Second Street businesses are holding the line while road is torn up

Some merchants are smiling. Some are gritting their teeth. Others have no expression at all.

But the businesses on Second Street are holding their own while road construction goes on just outside their stores. With the project nearing the midway point, optimism is outpointing pessimism.

“The first weeks were a transition period,” said Sid Sin, development project manager for the city of Lake Oswego. “People were timid and hesitant. Now they’ve adjusted and have found their way to the businesses they’re looking for.”

Some businesses have it worse than others. Lady Di’s Tea Room’s charm has been diminished by having two-thirds of its front covered by a cyclone fence. This leaves but a narrow path for tea lovers to get inside the shop. by: CLIFF NEWELL - Moya Stephens displays her philosophy of life to the evident approval of Queen Elizabeth. Customers are still treading the narrow path to Lady Di's Tea Room.

However, shop owner Moya Stephens epitomizes the pluck of her native England, and Stephens and her plucky staff have been blessed by customers who do not let bulldozers, steam shovels, dump trucks, piles of rubble or narrow lanes stop them from coming to imbibe their favorite beverage. In any case, Stephens’ worst fears have not yet come to pass.

“We’re helped because this is a destination place,” she said. “People come here because they really want to come here.”

Customers are taking Stephens’ good advice to call ahead and get updated information on how to get access.

“Our flags are still flying,” Stephens noted.

Over at Chuck’s Place, accessibility is easier and customers are loyal.

“We haven’t seen much drop-off at all,” said owner Chuck Shaw-Ryan.

The morning din at Chuck’s seems just as loud as ever as the angular Texan presides over proceedings with his quick wit and spray bottle.

Over at Graham’s Book & Stationery, venerable owner Paul Graham is surprised at how well business has held up.

“It’s been better than I imagined it would,” said Graham. “I’ve been able to gauge it because of what happened at our other location in Oregon City. Sales have held nicely.”

A lot of Graham’s customers seem to come from Oregon pioneer stock.

“Many come and they don’t even realize construction is going on,” Graham said. “I’ve been impressed by the way people have been finding our other three entrances, other than the one on Second Street. I’ve got to give Oswegans credit.”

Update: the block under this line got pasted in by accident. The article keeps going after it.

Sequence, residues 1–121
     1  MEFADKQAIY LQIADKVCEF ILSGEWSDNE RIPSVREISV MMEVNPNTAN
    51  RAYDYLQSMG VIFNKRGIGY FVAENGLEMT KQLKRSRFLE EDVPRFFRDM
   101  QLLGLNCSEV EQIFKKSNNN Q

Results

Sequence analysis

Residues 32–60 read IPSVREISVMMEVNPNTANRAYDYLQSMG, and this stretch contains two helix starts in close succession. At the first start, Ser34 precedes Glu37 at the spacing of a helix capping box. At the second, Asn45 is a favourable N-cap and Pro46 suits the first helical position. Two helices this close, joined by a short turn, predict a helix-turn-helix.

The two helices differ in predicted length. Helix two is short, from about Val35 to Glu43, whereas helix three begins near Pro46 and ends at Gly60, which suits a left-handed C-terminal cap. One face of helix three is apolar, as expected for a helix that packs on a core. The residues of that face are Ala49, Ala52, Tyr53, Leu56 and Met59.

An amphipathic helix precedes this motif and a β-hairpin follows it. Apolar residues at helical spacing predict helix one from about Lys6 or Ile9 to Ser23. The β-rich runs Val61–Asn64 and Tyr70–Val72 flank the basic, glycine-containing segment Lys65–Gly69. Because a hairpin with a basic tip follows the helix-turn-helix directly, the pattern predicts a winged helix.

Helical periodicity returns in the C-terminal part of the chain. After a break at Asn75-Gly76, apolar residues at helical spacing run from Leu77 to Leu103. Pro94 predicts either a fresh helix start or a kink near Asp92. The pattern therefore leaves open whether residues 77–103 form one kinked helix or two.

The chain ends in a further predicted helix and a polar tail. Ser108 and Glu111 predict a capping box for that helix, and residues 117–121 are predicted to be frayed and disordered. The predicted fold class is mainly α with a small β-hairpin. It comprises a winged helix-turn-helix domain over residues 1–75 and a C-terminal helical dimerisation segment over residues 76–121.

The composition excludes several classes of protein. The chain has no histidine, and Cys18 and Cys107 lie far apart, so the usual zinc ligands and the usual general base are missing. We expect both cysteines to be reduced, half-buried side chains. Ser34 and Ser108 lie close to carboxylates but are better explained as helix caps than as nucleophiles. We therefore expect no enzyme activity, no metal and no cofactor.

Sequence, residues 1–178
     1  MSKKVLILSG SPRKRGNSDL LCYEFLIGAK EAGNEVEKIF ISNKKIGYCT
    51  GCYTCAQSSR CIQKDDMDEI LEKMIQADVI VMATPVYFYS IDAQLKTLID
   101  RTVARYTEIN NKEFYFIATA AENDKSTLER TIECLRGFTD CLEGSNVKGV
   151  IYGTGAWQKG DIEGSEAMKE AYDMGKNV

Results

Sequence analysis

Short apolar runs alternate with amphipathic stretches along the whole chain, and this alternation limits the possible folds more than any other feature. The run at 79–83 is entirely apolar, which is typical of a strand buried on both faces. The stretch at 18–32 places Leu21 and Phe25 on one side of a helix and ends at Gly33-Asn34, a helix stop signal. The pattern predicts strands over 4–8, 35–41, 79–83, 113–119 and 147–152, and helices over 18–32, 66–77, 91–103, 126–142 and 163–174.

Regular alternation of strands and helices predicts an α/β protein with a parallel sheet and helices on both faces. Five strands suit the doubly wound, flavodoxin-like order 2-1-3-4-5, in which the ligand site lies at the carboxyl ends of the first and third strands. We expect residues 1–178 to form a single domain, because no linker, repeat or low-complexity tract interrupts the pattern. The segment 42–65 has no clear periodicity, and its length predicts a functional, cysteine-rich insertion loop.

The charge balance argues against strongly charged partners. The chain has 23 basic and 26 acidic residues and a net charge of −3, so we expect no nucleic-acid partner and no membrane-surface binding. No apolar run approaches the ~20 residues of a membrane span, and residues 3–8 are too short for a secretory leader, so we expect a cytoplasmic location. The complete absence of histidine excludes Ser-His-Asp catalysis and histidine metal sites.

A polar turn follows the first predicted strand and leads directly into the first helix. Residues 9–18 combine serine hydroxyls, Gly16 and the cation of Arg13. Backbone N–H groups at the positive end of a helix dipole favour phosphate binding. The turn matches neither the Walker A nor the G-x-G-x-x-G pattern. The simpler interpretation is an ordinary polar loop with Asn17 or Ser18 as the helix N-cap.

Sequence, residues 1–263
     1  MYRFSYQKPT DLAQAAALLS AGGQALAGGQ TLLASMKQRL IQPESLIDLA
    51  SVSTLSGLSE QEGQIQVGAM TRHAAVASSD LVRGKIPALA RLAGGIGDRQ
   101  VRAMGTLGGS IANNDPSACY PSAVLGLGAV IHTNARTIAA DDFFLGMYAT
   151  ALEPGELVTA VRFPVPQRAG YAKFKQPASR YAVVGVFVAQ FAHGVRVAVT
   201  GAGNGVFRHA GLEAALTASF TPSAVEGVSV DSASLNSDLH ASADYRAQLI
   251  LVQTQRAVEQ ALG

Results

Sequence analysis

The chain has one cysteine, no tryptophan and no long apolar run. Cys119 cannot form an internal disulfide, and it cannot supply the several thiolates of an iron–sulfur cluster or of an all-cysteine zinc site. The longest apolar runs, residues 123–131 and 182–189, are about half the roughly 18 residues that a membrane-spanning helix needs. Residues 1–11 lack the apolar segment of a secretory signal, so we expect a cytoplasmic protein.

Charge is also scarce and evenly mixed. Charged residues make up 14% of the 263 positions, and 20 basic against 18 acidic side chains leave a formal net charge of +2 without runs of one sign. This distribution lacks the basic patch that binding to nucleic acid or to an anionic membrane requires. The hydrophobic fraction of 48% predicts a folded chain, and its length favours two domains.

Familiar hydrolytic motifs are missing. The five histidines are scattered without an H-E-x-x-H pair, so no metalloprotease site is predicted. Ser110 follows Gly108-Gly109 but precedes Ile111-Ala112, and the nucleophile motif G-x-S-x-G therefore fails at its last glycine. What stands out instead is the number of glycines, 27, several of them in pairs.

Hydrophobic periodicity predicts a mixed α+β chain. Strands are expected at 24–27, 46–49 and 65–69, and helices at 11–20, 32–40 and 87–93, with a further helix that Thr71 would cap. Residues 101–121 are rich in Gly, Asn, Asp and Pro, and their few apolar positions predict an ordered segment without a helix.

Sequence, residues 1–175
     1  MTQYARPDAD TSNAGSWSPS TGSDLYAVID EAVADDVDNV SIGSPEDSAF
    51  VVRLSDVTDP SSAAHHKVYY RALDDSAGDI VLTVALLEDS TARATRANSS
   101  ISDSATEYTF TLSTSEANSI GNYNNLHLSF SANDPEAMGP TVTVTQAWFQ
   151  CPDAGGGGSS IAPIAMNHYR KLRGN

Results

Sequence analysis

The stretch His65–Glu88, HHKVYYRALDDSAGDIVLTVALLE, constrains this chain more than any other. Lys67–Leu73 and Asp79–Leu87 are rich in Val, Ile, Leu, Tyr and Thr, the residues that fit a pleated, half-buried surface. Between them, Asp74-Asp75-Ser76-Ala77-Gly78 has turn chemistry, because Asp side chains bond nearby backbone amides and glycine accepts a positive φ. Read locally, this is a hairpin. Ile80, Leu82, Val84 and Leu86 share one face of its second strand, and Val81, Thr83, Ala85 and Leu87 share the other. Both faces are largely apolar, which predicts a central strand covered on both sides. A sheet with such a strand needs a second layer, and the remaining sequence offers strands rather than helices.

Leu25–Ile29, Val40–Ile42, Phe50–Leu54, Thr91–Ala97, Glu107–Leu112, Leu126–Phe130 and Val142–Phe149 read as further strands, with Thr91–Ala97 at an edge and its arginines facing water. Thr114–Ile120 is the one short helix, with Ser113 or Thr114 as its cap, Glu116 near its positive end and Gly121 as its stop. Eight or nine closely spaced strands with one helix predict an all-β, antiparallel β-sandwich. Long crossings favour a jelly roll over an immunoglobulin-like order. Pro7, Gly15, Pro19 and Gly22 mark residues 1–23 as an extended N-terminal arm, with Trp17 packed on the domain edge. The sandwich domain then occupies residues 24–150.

Graham has also been hot on the promotion trail, with such brainstorms as his Lucky Egg promotion. It also helps that city signage has steadily improved.

Other Second Street business people have also been pleasantly surprised.

“It’s generally been OK,” said Nancy Batten, manager of Chrisman’s Picture and Frame. “This is not a busy time of year because of taxes, but I haven’t noticed a drop in business.”

“Everything is smooth,” said Denise Sheerman, manager of Oswego Optique. “The only trouble is we have no handicapped access at this time.”

Still, business owners are eager for the project to be over in June.

“We’ve got to grit our teeth and wait until it’s over,” said Steve Weiss of Yours Truly Personal Gifts. “Customers are having a hard time getting to us. Our dedicated customers are finding us.”

However, Weiss was happy to note, “The construction guys are making lots of progress. Maybe they’ll finish early.”

Sin isn’t making promises, but he is confident that Second Street business owners will survive and thrive.

Sin said, “The bottom line is that we are trying to get through this construction as quickly as possible and continue to support the local businesses by maintaining access to the greatest extent feasible, providing weekly updates and reminding the public that these businesses are open during construction.”by: CLIFF NEWELL - Behind all of this equipment Lady Di's Tea Room is still open for business. Second Street merchants are mostly happy with the way trade has held up during construction.

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